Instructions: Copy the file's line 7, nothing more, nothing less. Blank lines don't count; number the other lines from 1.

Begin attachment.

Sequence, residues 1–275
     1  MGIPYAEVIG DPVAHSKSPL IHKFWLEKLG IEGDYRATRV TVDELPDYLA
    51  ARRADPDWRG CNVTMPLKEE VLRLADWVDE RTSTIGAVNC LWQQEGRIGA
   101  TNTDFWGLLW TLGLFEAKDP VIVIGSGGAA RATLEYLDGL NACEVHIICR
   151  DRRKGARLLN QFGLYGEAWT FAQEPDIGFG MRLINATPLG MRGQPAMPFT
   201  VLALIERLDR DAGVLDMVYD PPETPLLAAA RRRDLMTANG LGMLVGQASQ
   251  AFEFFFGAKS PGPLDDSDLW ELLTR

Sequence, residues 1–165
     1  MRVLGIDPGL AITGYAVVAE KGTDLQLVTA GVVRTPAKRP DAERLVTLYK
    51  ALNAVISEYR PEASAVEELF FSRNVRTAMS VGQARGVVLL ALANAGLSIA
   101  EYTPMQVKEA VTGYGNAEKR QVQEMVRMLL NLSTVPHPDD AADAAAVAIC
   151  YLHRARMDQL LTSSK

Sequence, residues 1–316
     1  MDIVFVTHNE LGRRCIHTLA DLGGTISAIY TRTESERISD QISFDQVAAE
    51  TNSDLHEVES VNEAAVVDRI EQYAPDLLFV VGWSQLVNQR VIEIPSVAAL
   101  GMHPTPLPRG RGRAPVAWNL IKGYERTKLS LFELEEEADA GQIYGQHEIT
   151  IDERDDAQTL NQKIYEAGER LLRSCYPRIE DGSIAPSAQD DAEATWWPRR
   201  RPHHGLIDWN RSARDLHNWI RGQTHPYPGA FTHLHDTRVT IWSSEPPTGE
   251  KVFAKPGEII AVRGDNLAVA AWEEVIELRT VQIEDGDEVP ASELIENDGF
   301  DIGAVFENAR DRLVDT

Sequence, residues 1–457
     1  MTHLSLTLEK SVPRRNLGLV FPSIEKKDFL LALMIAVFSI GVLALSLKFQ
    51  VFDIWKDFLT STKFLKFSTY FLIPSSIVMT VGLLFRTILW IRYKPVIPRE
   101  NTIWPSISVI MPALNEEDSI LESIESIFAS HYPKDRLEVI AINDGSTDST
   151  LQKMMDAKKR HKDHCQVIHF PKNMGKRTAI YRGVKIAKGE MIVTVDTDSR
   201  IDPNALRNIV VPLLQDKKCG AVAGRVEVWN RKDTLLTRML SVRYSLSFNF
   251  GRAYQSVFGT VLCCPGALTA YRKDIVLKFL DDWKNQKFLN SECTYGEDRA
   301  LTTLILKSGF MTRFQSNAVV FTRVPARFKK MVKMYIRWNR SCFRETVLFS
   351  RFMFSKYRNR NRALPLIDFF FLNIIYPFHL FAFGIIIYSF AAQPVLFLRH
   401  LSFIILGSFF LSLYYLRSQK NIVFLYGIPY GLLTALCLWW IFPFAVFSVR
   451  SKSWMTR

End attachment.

   251  AFEFFFGAKS PGPLDDSDLW ELLTR